3 Powerful Principles for Motivating Your Homeschooled Teen

I know it's frustrating.

You've researched high school education requirements.  You've purchased materials, organized tutors, and prepared the checklist.  You're ready to engage bright and early each morning.

But when you present your ideas to your teen, he rolls his eyes, crinkles his brow, and shakes his head in disagreement.  Do you wonder how he'll ever get a decent education?

Inspiring your teen isn't an impossible task.  Approach your homeschool journey as a marathon and not a 1oo meter dash.  It takes patience and stamina, but you can do it.

Let's explore how.

 

You hold the baton

I may not set the best example for making the bed every morning.

And I certainly love to hang around in my pajamas and slippers far into the afternoon on many Saturdays.

But you bet, I want my kids to see me prioritizing what’s important to me. My twice-weekly yoga class. Curling up on the comfy chair with my latest book-find in hand. Baking a red velvet birthday cake and making a giant poster for my friend’s special day.

I value my self-care, curiosity to learn, and kindness to others, and I want my kids to witness those.

Ideally, positive role-modeling of a healthy lifestyle starts right when our little ones join us.

But we are always learning and evolving, and our habits develop over a lifetime.   And even when we know better, we aren't perfect.

You don’t need to be though!  Your teen sees you trying, failing, and getting back up.  Even if you can’t maintain the 2-mile run three times a week, he notices that one time a week you do.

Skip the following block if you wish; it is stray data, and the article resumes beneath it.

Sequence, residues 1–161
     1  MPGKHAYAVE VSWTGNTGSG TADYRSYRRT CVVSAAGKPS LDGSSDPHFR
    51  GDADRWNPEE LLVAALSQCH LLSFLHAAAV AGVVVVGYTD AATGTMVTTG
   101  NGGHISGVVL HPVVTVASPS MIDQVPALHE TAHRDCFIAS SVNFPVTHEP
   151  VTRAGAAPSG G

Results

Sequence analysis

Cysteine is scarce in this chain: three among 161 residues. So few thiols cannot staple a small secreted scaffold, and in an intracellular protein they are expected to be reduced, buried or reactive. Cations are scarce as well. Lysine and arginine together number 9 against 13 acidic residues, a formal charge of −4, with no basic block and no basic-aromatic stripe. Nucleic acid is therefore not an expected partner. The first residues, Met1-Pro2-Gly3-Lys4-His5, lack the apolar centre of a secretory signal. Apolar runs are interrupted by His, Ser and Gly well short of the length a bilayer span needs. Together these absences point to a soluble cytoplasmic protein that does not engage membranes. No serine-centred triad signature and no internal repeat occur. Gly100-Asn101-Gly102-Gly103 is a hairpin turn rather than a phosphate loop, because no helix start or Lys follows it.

He sees how you scale your own inertia mountains.  And that’s what sticks and becomes imprinted in him.

In Bird by Bird, Anne Lamott says,

“Everyone is walking around as an advertisement for what he or she is.”

Which lifestyle habits do you want your children to buy into?  Decide what is most important to you and live it.

If you want your children to enjoy writing, make sure they catch you with your journal even if it’s just for 10 minutes each evening.

If healthy eating is a priority, drink your daily green smoothie before reaching for the chocolate-covered coconut macaroons.  (At least sometimes.)

If empathy and problem-solving is your go-to communication style, your teen will arrive there too, if you can breathe and hold that space.

As a parent, you start by holding the baton. Let your children watch how you run with it.

 

Hold the baton together

Some teens prefer a tight plan for the day; some more choice and freedom.

Or is my 13-year-old the only one who resists structure and expectations?  Instead of my chosen activities on his daily agenda, you'll find: code one level of the computer game I'm creating, do 10 pull-ups, write five jokes for my book, and practice guitar for 2 hours.

Hey, totally cool with me!  His goals or mine, he is learning to overcome his own resistance and build discipline toward something greater. And honestly, I value self-driven learning above all.

Planning, organization, finishing tasks (heck, starting tasks!), effective study habits — these don’t come naturally to everyone.

You can teach them to your kids.

Does your teen have an agenda?  Give her a budget to purchase one she'll love and add in some colored pens.

Meet together one evening a week; I like Sunday’s after dinner. Open up your agenda alongside your teen’s. Block out appointments, commitments, and planned activities first.  Are there any assignments with hard deadlines this week?  Write them in.

Show your teen how to plan for the week ahead. Ask:

  • When will you accomplish your priorities?